Following the inspection, several methods to repair the siphon were considered. The solution ultimately devised was to slipline the two 42-inch lines with a 36-inch Hobas Low Profile fiberglass pipe with rubber gasketed joints. However, since the size of the inlet and outlet structures limited the length of pipe that could be used, instead of standard 20 foot joints, five foot joints of pipe would be required for the sliplining operation.
Also in conjunction with the sliplining, diving repair crews were pressed into service to divert the flow of water entering the siphon while the underwater sliplining was taking place. For this, the SJRA supplied two steel slide gates that were modified by Ceanic and then set in existing stop log grooves in the inlet structures.
Spero is quick to point out that the slide gates did not allow dewatering of the siphon, only diverted the water flow to the other two siphon pipes and prevented the current from passing through the siphon.
The equipment spread mobilized to the site to conduct the sliplining basically included a traditional diving crew made up of a diver and tender, plus a backup diver and tender, a 10 ton crane to facilitate pipe handling and an airtugger or winch.
As noted by Spero, the winch was an essential component of the equipment spread. It was rigged up on the upstream headwall of the siphon and had a 3/4-inch diameter wireline leading to a snatchblock at the bottom of the upstream slide gate.
During the sliplining operation, the diver's work would consist of aligning each joint of Hobas pipe. As each joint of pipe was lowered into the water, the diver would 'swim' the pipe inside the existing 42-inch line, check the alignment and then signal for the operator of the winch to begin pulling the pipe in tight to make the final joint connection. The diver would follow the pipe in, swim inside and confirm that the joint was 'homed' properly. As the diver exited the pipe he would bring the line with him, hook up the next joint of pipe and start the procedure again. All this work was done strictly by feel.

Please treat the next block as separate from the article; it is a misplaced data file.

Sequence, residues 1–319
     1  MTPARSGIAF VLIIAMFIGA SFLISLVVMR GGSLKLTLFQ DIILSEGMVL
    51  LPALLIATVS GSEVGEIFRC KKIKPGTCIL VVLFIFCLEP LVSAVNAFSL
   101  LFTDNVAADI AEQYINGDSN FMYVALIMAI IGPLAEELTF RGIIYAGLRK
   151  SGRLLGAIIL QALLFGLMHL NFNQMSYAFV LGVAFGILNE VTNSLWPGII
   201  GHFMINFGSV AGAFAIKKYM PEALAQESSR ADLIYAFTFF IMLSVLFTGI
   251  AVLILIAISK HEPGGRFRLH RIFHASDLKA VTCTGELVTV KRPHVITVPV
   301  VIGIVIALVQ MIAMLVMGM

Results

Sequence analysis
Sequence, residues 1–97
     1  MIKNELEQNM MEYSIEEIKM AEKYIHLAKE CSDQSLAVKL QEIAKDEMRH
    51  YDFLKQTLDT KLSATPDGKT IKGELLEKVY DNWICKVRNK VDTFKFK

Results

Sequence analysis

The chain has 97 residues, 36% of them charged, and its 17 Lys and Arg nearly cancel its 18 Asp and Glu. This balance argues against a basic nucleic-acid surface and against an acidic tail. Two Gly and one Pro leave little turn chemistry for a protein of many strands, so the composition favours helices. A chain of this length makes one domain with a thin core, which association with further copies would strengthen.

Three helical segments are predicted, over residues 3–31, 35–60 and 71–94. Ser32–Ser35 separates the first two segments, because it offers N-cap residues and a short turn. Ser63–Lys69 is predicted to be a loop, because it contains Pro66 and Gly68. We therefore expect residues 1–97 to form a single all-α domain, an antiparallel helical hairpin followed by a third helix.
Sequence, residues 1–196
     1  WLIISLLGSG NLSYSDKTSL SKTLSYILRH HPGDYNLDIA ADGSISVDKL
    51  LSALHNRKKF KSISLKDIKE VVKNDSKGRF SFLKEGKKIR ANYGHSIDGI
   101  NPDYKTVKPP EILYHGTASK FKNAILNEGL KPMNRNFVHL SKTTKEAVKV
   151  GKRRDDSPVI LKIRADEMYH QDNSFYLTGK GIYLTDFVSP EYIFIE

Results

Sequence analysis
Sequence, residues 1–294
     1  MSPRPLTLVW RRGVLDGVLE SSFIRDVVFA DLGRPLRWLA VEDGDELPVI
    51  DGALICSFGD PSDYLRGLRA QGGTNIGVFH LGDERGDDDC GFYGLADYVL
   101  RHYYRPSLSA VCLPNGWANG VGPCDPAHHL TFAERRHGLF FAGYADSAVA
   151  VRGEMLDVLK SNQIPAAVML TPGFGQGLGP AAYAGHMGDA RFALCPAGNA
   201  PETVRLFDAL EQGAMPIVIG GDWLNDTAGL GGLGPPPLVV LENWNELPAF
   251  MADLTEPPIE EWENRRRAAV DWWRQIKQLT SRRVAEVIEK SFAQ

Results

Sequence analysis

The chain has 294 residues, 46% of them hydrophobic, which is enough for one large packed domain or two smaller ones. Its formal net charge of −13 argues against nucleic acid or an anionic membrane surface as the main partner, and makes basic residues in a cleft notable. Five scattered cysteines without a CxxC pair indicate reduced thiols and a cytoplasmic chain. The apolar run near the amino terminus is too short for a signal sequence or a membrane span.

The divers wore wet suits, and a dive helmet. They were connected to the surface with an air hose, safety line and communication cable and a hose that pumped heated water (100 degrees F) into their wet suits. This was to protect them against the 50 degree water coming out of Lake Houston during the dives which were expected to last two to four hours.
In order for the underwater sliplining to work, it would have to be closely coordinated both above and below water.
Ceanic Project Manager Russ Fogel, charged with overseeing both land based and diving operations, said that prior to the sliplining commencing, land and undersea communications were carefully coordinated to ensure that the divers and land crew were well versed in both verbal and hand signals that would be heavily relied on during this phase. 'We had a superintendent at a communication console that was in constant contact with the diver in the water. There was also a worker stationed at the siphon outlet structure that used hand signals to direct crane operations and there was constant radio communication with the winch operator positioned the other end of the siphon,' he said.
Continuing, Fogel indicated the underwater sliplining was a text book case. 'We sliplined 14 Hobas joints in each respective siphon. It took about two and a half days to slipline 67-feet of pipe in the first 42-inch line, and less than a day to complete the second,' he said.
After the final section of pipe was installed, PVC grout and vent tubes and a grout filled cloth sock bulkhead were installed and used to fill the annular space between the two pipes with cellular cement grout.
As noted by Spero, it was expected that about nine cubic yards of grout would be required to fill the annual space at each respective location. However, 18 cubic yards of grout was ultimately used. 'The voids above the pipe were filled, solving the structural problems of the pavement above. In fact, these lines should now have a very long life.'
The second part of the project, at the railroad spur location, was a similar type set up. Siphon No. 39 also has three RCPs in parallel. Two are 42-inch diameter lines, measuring 130 feet in length constructed in 1945, while the third is a 60-inch diameter line, 115 feet long, installed at the site in 1979.
Located in Baytown, the siphon is situated several miles downstream of Siphon 29.
Spero noted that there was no way to completely block off or divert the flow to conduct the inspection of the lines. Some 60 mgd of water pass through the three siphon pipes at this location and the water velocity inside the 60-inch diameter line was running about four feet per second. 'When divers tried to enter the 42-inch lines to conduct the inspections, debris, coupled with the high water velocity, was such that there was concern the diver's air hoses would become fouled, putting the divers at risk.'
Based on the above-ground inspection, there was no indication the 42-inch lines were leaking. There was, however, significant evidence of leakage from the 60-inch line.
While concern for divers prompted SJRA to decide to rely on water jets and grappling hooks to clean the 42-inch lines, it was felt an interior inspection of the 60-inch line was required to fully assess the problems.